Charting the Right Course
How to expand your role as a primary care provider.
K. DEVRIES, O.D., Sparks, Nev.
Expanding your role
as a primary care provider begins with a comfort level regarding testing and treatment
of conditions beyond traditional vision care. A strong base in vision care typically
makes for a stronger primary care practice. This type of practice has already established
good communication with patients about the services they provide to improve patients'
are unlikely to utilize a new product or service unless you promote it somehow,
and the same holds true for primary care procedures. Unless you make patients aware
that you provide a particular service, they may seek out a practitioner they know
offers tests and/or treatments for that specific condition.
I recommend starting with procedures and testing that are not
technologically intensive. Dry eye disease and allergic eye disease are two processes
that are abundant in our patient population. It doesn't require large capital expenditures
to integrate testing and treatment of these diseases into your practice. These conditions
also have low morbidity rates and aggressive treatment results in high patient satisfaction
All too often, practitioners are convinced that they must purchase
new technology, which results in its over utilization if equipment does not meet
the expected return on investment. This can cause patient dissatisfaction if they
feel they are being tested unnecessarily. Conversely, if your practice begins to
integrate therapeutics and primary care by treating prevalent diseases, your patient
base will grow to include patients with other ocular diseases that require greater
technology. Once the patient base is there, utilization is no longer an issue.
Alternative revenue streams
By identifying additional treatments opportunities for your practice,
you can increase your revenue. This active integration can further be built into
practice subspecialties that will differentiate your practice from others in your
It's not as difficult as it may seem because you already treat
many of these conditions on a daily basis. Testing and treatment for conditions
such as dry eye, ocular allergy and glaucoma can be leveraged to build your practice.
Dry eye and ocular allergy are ideal examples given the crossover between conditions
(dry eye patients are more susceptible to ocular allergies and vice versa). By educating
your patients about these conditions, you position yourself as a valuable eye heath
expert now and in the future. Patients will see the benefits of your care
as their overall ocular heath improves.
Adopting the medical model
Adopting the medical model is important to help your patients
distinguish between vision care and primary care. This means reappointing patients
for additional visits to address conditions outside of the traditional vision care
appointment. As optometrists, we often attempt to do too much in one visit. Reappointing
allows enough time to address a specific condition such as dry eye or ocular allergy
and prevents bottlenecks that can occur when trying to accomplish too much. This
level of treatment detail and patient concern will also endear you to your patients,
increasing satisfaction and contributing to patient retention.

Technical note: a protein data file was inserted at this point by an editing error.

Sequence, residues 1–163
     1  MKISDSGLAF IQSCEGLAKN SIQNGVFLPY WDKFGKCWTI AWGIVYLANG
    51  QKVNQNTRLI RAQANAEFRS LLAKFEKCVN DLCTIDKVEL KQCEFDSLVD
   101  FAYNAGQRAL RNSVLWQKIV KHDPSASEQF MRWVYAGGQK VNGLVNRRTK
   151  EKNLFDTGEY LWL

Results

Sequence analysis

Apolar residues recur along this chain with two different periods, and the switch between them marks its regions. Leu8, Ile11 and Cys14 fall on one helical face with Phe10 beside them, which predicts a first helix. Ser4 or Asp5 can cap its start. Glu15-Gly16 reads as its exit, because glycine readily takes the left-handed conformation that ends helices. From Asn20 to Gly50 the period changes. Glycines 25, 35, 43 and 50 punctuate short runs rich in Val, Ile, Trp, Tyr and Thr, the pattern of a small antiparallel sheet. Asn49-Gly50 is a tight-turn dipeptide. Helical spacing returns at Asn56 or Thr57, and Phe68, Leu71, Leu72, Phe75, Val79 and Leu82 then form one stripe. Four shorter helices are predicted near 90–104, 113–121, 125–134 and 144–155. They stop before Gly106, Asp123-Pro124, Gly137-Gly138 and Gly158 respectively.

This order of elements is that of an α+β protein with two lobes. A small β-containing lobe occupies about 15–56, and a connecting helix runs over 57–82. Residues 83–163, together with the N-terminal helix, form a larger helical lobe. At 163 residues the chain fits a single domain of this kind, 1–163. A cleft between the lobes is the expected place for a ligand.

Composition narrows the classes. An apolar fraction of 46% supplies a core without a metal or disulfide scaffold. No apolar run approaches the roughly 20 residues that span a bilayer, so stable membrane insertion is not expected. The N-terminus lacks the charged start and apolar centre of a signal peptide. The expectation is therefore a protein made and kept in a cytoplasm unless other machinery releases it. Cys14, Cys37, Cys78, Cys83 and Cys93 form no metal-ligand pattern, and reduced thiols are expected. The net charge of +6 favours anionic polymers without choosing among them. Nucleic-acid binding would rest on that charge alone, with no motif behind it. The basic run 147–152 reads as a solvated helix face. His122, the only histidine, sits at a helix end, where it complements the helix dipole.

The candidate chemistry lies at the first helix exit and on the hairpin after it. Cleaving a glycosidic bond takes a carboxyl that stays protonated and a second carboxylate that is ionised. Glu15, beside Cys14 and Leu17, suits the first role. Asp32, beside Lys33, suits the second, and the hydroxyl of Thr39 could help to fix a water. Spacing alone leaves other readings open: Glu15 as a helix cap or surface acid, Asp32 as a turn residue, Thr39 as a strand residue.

adopting this model, you will begin charging patients for the additional visits
as any professional would. I believe a practitioner simply can't spend the time
to test, educate and treat patients without being paid to do so. Emphasize to your
patients that their next appointment is particularly important, as the additional
information you will gain at that time will enable you to address their condition
specifically and prescribe an effective treatment regimen. Make sure they understand
the significance of the condition and the benefits they will receive from proper
treatment, including possible outcomes if the condition is not treated.
Everyone in the office is responsible for the success of the practice
and each employee can contribute to an increase in the bottom line. In every aspect
of patient care, members of your practice should look for opportunities to provide
additional products and/or services to benefit patients. Establish a baseline for
the percentage of patients who receive specialty products so you can keep track.
This will provide a number of different growth areas from new and existing patients
that will increase profitability.
Provide options based upon the needs of each individual patient.
For those patients who come in needing spectacles, members of your staff can offer
lenses with advanced features such as UV-protection and antireflective coatings.
For those patients wearing contact lenses, offer the option to purchase additional
All too often, optometric practices do not enter medical diagnosis
codes for routine exams such as allergic conjunctivitis, dry eye syndrome, blepharitis,
cataract, posterior vitreous detachment, meibomian gland dysfunction or myriad systemic
diseases. If you check for each of these conditions, it should be noted and coded
for each patient. For many eyecare professionals, Medicare and insurance reimbursement
coding may seem intimidating. However, once you have treated the first few patients
and completed the appropriate paperwork, you will find coding is much easier than
Once you have taken all the relevant patient information, build
a database of your patients' ocular health. You can start the process by entering
the information as each patient visits the practice. Or, if the information is available
on previous exam forms, have a staff member look retrospectively at past visits
to collect the data.
This is critical to your success as a primary
care practice because it will allow you to better manage and anticipate your patients'